Endangered Species: Species whose number diminish so much that they might face extinction (or vanish off the face of the Earth) are known as Endangered Species. There can be endangered animals as endangered plants.

Endemic Species: Species of plants and animals that are exclusively found in a particular area are called Endemic to that zone, state or country. The endemic species are not found anywhere else naturally.

For Example:

Endemic flora of the Pachmarhi Biosphere Reserve includes sal and wild mango.

Sal Wild Mango
Sal Wild Mango

Endemic fauna of the Pachmarhi Biosphere Reserve includes bison, Indian giant squirrel and flying squirrel.

Bison Wild Mango
Bison Wild Mango
Flying Squirrel
Flying Squirrel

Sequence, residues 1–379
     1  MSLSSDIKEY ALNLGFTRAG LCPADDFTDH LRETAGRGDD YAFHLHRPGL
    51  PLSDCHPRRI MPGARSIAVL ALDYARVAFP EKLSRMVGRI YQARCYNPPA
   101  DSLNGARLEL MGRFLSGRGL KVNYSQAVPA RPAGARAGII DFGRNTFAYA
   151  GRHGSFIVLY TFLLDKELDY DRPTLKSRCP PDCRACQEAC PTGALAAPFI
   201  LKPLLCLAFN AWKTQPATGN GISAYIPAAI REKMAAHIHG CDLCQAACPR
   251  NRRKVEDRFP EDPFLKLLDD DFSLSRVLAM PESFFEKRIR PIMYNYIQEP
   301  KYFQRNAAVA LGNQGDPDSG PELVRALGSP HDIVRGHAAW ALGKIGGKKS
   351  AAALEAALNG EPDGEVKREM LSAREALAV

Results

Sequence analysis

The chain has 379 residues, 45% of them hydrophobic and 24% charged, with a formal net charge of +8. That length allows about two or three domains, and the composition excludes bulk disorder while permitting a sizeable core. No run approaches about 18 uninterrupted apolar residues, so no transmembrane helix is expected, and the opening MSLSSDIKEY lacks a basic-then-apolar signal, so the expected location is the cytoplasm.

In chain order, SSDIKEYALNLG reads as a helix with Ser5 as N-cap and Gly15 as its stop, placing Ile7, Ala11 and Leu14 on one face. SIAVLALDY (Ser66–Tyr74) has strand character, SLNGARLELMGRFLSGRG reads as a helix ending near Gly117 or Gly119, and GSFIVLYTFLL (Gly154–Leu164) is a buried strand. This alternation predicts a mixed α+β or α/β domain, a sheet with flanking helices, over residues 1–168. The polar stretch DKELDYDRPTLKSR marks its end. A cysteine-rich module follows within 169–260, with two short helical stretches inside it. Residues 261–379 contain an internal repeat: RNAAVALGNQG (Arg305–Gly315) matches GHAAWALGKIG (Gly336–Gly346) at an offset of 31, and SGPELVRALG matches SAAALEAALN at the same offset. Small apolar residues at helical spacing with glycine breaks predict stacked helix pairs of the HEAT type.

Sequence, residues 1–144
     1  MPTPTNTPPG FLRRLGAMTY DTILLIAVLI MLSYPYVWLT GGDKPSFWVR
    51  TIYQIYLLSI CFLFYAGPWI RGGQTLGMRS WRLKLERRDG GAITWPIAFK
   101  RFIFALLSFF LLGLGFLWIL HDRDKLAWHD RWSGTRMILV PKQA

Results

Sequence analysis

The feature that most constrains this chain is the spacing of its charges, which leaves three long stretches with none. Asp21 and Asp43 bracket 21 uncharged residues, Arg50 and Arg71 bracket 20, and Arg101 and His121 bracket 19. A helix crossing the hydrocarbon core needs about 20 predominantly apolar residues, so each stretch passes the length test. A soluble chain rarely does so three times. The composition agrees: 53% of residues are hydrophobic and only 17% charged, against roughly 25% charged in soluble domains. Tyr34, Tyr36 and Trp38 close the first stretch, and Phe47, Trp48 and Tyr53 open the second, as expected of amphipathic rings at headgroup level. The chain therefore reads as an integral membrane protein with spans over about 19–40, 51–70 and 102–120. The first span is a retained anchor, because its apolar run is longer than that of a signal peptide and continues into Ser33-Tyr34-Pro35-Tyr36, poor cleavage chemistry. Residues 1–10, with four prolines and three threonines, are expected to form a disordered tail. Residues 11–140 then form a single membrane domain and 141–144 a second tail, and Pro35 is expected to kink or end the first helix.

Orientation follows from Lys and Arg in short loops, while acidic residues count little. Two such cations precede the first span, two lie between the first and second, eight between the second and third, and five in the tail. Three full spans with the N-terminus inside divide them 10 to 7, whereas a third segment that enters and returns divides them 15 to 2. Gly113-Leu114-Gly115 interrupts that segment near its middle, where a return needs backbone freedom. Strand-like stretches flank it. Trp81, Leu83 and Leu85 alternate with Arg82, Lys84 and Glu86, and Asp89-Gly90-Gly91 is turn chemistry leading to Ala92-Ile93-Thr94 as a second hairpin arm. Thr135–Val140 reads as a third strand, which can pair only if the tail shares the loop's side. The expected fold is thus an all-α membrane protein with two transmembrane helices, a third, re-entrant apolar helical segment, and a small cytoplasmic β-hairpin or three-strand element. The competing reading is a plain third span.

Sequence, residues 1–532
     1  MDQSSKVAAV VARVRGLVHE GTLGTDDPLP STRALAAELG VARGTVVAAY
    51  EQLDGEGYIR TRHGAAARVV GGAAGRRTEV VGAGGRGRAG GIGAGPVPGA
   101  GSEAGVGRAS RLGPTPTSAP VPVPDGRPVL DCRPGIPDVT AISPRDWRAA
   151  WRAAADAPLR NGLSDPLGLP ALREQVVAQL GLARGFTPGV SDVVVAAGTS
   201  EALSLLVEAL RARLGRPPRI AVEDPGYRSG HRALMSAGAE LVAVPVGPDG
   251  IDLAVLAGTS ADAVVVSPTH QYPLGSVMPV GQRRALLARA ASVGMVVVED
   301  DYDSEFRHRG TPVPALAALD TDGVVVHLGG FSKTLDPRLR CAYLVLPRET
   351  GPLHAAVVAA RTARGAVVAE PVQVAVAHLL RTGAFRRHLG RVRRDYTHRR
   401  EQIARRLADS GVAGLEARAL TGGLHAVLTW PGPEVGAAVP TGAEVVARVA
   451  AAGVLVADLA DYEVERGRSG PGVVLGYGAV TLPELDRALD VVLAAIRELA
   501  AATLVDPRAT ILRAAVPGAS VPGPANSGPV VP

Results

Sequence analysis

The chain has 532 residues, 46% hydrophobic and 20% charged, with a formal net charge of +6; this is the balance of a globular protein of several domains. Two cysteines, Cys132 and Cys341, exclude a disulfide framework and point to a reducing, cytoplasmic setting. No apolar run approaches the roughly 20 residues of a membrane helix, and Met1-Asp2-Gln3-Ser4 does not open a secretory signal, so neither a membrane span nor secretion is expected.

Wildlife Sanctuary

Wildlife Sanctuaries are reserved forests where wild animals are protected and provided with suitable living conditions. Unlike a zoo, animals in wildlife sanctuaries live in their natural habitat and are free to roam anywhere as they like.

People living in Wildlife Sanctuaries can:

  • Graze livestock, and

  • Collect firewood or medicinal plants.

Activities prohibited in wildlife sanctuaries include:

  • Killing (poaching) animals

  • Capturing animals

These activities in wildlife sanctuaries are punishable by law.

Wildlife Sanctuaries in India

Wildlife Sanctuaries in India

Indian wildlife sanctuaries have unique landscapes which include broad-level forests, mountain forests, and bushlands in deltas of big rivers. They protect several threatened wildlife species such as golden cat, pink-headed duck, black buck, white-eyed buck, gharial, marsh crocodile, elephant, rhinoceros, python etc.